|May 02, 2009|
Water and Wastewater Industry in Turkey
Turkey’s rapid urbanization, its plans to join the EU and its large tourism industry have led to increased demand for clean water and environmentally safe wastewater disposal. There is a strong market for water and wastewater technology products in the rapidly developing Turkish marketplace.
Currently, only 55 percent of the Turkish population is connected to the sewerage system in municipalities and of these, only 11 percent have wastewater treatment services. These are usually in larger cities and towns. Other municipalities either do not have any treatment services, or only primary (physical) treatment. Seventy-five percent of the nation’s industrial wastewater is discharged without any treatment (mainly into oceans and rivers). Of the remainder. twenty percent is fully treated and the remaining 5 percent receives preliminary treatment only.
Approximately half of the 190,000 industrial enterprises in Turkey are active in highly polluted industries, and of those only 1.4 percent are established in organized industrial zones with reliable and environmentally sound infrastructure.
Much remains to be done to improve the sustainable management of water resources in Turkey. Specifically actions needs to be taken to increase the share of the population connected to sewage treatment services, which currently stands at only 12 percent.
The price structure of water services also needs to be developed to cover the much needed investment and maintenance costs as well as to achieve the more rational use of water. Priority has been given by the government to expand investment in the water infrastructure in order to develop public-private cooperation for financing.
Strategies for the management of water resources in water basins are also being developed, and relevant legislation is being enforced more stingently. Monitoring and measurement of water quality remains a problem and technologies are required to this end.
Number of municipalities served by wastewater treatment plants
Number of wastewater treatment plants
A recent survey of 3225 municipalities by the Turkish Institute of Statistics in 2006 noted that 2321 (72%) had established sewage systems. In that same year 49 percent of the 3.37 billion m3 of wastewater drained through these systems was discharged into rivers, 45.2 percent to sea, 3.6 percent to dams, 1.4 percent to lakes and ponds, 3.6 percent to fields and 4.3 percent to other environments. Of this total discharged amount, 2.14 billion m3 (63%) was treated in the treatment plants.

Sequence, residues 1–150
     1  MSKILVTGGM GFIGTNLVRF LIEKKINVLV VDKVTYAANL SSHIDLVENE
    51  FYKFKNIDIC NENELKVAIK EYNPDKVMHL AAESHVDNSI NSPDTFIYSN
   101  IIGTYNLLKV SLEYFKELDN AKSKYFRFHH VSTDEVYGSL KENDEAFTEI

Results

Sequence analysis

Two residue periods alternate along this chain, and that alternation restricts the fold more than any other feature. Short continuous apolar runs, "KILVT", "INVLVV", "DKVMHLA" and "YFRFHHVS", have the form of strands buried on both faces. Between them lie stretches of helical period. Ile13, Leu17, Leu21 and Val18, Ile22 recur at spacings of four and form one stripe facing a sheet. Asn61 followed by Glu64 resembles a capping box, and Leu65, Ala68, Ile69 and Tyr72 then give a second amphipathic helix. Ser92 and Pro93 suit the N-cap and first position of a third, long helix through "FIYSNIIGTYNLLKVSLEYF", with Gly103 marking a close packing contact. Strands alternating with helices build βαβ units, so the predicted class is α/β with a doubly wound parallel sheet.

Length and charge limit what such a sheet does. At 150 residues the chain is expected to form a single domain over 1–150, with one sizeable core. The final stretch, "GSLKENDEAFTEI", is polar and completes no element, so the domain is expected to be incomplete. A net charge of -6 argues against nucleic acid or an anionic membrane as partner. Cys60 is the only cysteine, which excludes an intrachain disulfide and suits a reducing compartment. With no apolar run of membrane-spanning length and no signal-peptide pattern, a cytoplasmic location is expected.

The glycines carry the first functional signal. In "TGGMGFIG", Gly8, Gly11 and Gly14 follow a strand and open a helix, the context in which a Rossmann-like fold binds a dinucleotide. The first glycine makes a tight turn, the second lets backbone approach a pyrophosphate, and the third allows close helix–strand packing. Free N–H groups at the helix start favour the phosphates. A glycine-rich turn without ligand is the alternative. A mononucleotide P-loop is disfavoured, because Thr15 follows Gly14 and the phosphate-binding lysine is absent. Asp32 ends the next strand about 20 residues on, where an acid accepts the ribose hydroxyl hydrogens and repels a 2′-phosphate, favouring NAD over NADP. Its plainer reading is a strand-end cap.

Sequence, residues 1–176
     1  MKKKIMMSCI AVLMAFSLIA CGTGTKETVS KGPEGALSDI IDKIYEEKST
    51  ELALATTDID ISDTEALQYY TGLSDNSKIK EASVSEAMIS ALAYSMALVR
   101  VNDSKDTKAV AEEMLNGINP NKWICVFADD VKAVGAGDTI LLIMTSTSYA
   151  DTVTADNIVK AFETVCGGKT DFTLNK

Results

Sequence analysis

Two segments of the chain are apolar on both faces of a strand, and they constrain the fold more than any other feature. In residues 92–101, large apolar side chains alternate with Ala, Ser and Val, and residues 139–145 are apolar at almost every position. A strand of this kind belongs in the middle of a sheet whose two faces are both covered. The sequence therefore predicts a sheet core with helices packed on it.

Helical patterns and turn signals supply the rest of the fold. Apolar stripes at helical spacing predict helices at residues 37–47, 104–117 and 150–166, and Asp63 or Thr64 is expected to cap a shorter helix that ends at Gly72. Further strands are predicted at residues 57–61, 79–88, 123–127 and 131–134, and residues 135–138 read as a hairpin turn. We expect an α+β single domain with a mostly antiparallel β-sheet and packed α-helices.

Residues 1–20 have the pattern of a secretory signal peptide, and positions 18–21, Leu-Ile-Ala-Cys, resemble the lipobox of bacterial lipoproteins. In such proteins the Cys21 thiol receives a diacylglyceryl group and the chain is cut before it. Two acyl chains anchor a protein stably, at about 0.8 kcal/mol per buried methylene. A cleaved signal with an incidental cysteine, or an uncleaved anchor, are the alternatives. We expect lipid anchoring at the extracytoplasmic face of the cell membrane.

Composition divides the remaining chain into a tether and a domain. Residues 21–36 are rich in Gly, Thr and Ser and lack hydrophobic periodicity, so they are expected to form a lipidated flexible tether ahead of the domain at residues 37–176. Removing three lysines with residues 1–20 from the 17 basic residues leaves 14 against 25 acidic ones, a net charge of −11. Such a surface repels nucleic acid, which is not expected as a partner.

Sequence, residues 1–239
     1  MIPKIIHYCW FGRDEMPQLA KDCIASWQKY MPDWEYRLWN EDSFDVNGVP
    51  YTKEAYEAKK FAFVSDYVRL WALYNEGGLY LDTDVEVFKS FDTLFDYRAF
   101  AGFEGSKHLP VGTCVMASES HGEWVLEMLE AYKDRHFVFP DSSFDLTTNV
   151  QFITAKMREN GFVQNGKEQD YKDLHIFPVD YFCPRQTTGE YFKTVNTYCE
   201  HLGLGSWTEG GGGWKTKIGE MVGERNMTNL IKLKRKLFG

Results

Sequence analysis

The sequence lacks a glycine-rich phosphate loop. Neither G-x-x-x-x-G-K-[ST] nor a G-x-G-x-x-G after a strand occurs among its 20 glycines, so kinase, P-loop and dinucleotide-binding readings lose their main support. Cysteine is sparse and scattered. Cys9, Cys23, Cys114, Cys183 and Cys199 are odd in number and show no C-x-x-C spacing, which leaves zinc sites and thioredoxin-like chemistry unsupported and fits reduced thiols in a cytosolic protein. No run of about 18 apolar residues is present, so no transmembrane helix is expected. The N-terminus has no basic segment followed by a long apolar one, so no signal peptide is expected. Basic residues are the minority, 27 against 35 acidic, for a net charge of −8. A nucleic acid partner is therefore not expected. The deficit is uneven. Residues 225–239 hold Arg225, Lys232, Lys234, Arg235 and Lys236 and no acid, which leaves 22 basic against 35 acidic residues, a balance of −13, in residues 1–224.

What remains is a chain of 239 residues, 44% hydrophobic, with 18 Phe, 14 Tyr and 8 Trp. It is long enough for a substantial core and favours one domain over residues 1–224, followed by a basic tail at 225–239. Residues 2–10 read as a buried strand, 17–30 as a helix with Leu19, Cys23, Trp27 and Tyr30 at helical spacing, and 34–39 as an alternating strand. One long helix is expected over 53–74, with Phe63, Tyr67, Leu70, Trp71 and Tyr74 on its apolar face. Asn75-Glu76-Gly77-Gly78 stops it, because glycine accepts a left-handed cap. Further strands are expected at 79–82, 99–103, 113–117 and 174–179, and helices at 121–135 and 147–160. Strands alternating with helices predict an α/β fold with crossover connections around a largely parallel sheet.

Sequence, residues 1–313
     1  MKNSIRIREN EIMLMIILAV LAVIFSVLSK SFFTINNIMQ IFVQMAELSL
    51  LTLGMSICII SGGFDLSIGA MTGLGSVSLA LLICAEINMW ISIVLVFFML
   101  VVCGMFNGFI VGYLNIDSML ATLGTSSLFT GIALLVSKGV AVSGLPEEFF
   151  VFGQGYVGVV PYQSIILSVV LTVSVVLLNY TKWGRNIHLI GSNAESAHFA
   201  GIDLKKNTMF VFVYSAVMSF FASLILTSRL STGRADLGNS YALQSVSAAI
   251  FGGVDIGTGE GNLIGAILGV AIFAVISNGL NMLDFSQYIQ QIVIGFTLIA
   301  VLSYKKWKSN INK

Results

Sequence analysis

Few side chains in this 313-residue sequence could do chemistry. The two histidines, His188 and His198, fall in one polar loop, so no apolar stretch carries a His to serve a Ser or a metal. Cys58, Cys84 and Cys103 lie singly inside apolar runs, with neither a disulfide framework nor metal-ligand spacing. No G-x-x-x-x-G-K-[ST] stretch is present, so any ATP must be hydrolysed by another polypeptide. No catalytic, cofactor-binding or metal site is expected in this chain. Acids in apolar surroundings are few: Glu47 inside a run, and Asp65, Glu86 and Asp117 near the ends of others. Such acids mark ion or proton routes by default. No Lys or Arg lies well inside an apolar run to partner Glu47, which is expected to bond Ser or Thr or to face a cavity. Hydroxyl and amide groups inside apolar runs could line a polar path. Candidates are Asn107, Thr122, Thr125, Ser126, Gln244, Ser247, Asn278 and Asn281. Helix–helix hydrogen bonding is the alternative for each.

Methods used for wastewater treatment are:
In 2008, 46 billion m3 of water was consumed by various industry sectors in Turkey; 34 billion m3 in the irrigation sector, 7 billion m3 in the water supply sector, 5 billion m3 in the industrial sector. This sum corresponds to development of only 41% of the available exploitable potential of 112 billion m3.
Wastewater treatment systems are for the most part custom built and have different treatment capacities and technolgy specifications for each industry type. Industry contacts indicate that turnkey biological wastewater treatment systems of 100 m3/day capacity with membrane filtration units cost on average US$ 50,000 to the end customer. This amount may rise up to US$ 60,000 with construction and installment expenses.
This is comparatively higher than physical-chemical waste water treatment facilities that operate on screening, coagulation, flocculation and dissolved air flotation methods. Industry contacts add that a simple physical-chemical waste water treatment plant of the same capacity costs as low as US$ 15,000.
Turkey has received over US$ 1.4 billion financial support from international institutions such as European Investment Bank (EIB), International Bank of Reconstruction and Development (IBRD) and International Development Association (IAD) to fund its water supply and sewage projects.
Urban water supply and sanitation are increasingly becoming a local responsibility and the central government is actively pushing such responsibilities to local municipal entities. Major cities have sufficient autonomy to engage in their own project planning and financing. Smaller cities are following this trend. However, many of these small municipalities have no experience in financing such projects and have very limited resources of their own. Moreover, the Under-secretariat of Treasury no longer backs foreign borrowing by sub-sovereign units.